“Wow” said the man, “you are still working at this store. I’m impressed. Most people with higher IQ’s don’t stay here very long.”
“Thanks?” I said, ringing him up.
“So what are you really doing with your life,” said another older gentleman as I bagged his groceries, “because clearly you’re just playing here.” I stared at him, irate.
On my second day on the job, 2 years ago, a woman asked me, “so what do you do?” (A note: I’m in the South. Complete strangers are far more likely to ask you personal questions about your life in the South.)
“I’m finishing up my degree in vocal performance. I’m trained as an opera singer,” I answered.
“Oh my goodness, what is a person like you doing in a place like this?” She asked.
A close friend sent me an email, expressing her dismay at my line of work, and hoping I will find something more “rewarding.” “You must be so bored out of your mind,” she wrote. “You are meant to be more than a grocery store cashier and an occasional yoga teacher.”
I’m an assistant manager at a grocery store. I found this job two years ago out of desperation — school and depression had kept me from finding a job for years, but I was in my mid-twenties and needed something to do for work. Anything.
I wandered into a locally-owned grocery store. I applied, and I was hired. I’ve been there ever sense.
The company I work for is a unique one. Owned by a local family, it sells salvaged products from larger stores like Trader Joe’s, Earth Fare and Whole Foods at a far cheaper price, helping people eat who would otherwise have no healthy options. We also help build the local economy by selling produce from local farmers, and goods from local companies and breweries. We feed the entire county, and our stores have become a hub for a complex community. I’ve made friends — good friends — with customers and employees. They have me over for breakfast, share stories about their depression, breakups, and pets.
Despite my joy at having found a genuinely good place to work, outside critics seem disappointed. People often want me to be in a high-power job that involves more brain, or they feel somehow robbed that I’m not doing vocal concerts and recitals. They look at me like I must be miserable, bored, wasting my life or my talents.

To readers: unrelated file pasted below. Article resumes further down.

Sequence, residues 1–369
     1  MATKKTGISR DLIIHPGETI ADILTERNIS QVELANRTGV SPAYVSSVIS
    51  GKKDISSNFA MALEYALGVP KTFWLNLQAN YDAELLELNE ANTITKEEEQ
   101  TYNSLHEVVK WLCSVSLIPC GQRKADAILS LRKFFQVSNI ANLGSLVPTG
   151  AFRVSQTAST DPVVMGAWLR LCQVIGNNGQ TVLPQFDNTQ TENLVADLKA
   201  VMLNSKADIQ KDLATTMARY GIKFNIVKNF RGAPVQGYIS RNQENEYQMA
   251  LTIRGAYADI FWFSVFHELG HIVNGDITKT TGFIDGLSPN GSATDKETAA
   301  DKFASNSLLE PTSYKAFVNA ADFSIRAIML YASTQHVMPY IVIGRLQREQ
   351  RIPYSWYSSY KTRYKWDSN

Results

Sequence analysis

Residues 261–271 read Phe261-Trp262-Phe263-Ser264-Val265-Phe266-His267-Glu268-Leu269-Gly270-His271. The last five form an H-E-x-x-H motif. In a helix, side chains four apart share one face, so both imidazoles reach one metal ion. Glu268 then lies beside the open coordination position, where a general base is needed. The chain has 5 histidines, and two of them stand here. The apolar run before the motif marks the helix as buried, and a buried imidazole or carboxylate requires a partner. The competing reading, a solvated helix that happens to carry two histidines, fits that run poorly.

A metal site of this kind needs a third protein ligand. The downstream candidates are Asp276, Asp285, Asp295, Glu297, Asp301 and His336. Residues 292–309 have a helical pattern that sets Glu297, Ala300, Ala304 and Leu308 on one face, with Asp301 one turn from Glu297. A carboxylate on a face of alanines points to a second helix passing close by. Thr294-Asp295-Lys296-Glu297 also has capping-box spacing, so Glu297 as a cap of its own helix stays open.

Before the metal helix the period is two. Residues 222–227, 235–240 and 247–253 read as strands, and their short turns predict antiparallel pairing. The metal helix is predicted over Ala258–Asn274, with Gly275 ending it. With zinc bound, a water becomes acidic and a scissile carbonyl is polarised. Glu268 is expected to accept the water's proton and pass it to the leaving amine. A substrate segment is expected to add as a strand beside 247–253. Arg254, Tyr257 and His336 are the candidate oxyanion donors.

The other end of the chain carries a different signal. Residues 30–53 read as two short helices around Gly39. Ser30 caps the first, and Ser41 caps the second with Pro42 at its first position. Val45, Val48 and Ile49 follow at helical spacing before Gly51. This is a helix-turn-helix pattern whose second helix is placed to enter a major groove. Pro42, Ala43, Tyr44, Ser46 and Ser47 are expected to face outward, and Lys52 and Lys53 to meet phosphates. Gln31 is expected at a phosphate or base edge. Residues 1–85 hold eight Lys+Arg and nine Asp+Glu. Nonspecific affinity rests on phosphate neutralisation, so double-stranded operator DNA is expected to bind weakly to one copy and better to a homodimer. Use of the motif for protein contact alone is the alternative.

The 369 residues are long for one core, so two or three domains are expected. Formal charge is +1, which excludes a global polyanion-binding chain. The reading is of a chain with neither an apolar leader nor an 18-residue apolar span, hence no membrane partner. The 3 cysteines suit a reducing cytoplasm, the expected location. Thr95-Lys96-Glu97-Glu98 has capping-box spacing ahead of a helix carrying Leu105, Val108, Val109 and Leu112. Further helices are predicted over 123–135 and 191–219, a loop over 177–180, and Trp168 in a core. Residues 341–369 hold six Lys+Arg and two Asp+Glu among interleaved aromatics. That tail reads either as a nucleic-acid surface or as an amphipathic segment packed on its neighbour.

I’m not wasting my life, I want to tell them. I’m working. And I’m working here because this was the only place in our economy that I could find at the time. I’m just grateful that I had the incredible luck that the place I found was enjoyable and a good fit, too. Most people don’t have such luck.
I’ve been fighting for my life, I want to tell them — these elder critics who have the gall to be disappointed in my line of work. I’ve been fighting against depression and low self esteem for years, and claiming this job and becoming manager is a victory, not a failure. This job gives me hope.
But most of all, I get angry and frustrated at the assumption that working in a grocery store is a waste of time.
The most valuable lesson I’ve learned over the past 2 years is this: nothing done mindfully and with full presence is a waste of time.
Whether I like it or not, this is my life. Forty hours of that life are spent cashiering, managing teenagers on their first job, cleaning up messes, talking to customers, and, sometimes, being exhausted, miserable, and bored. Forty hours a week is a good chunk of my life, and what a tragedy — what a horror — to miss it. The great lesson is this: it is not prestige, power, or money that makes something worthwhile, but mindfulness. Every moment is precious.
If I choose to let my mind go elsewhere — if I choose to let my awareness and presence withdraw from my work, even when I am unhappy or exhausted or angry — it is my life that I am missing. I am missing the full experience of being human, the myriad of small wonders that make life beautiful. If I let myself withdraw from the experience, I lose all potential of happiness.
Sometimes, it is time to move on. Sometimes, we are miserable in a way that requires action, or help. Sometimes, we simply grow into new skins, leaving the old ones behind. But even here, mindfulness and presence are indispensable. How will we know what sort of misery we feel, and what response is best, if we aren’t fully present to that misery, as to an old friend? How will we know what steps to take if we only withdraw from the miracle of life?
Someday I will move on from the grocery store. I have dreams on the horizon. But till that day, I will remain present, and grateful. I invite everyone else to explore this gift with me — the gift of finding worth and joy in the present moment, no matter what that moment is.
STEPHEN BRADFORD LONG is a LGBT writer, yoga teacher, and esoteric Christian, exploring the dissonance of everyday faith. He spends his days thinking about faith, theology, philosophy, books, and drinking lots, and lots of coffee.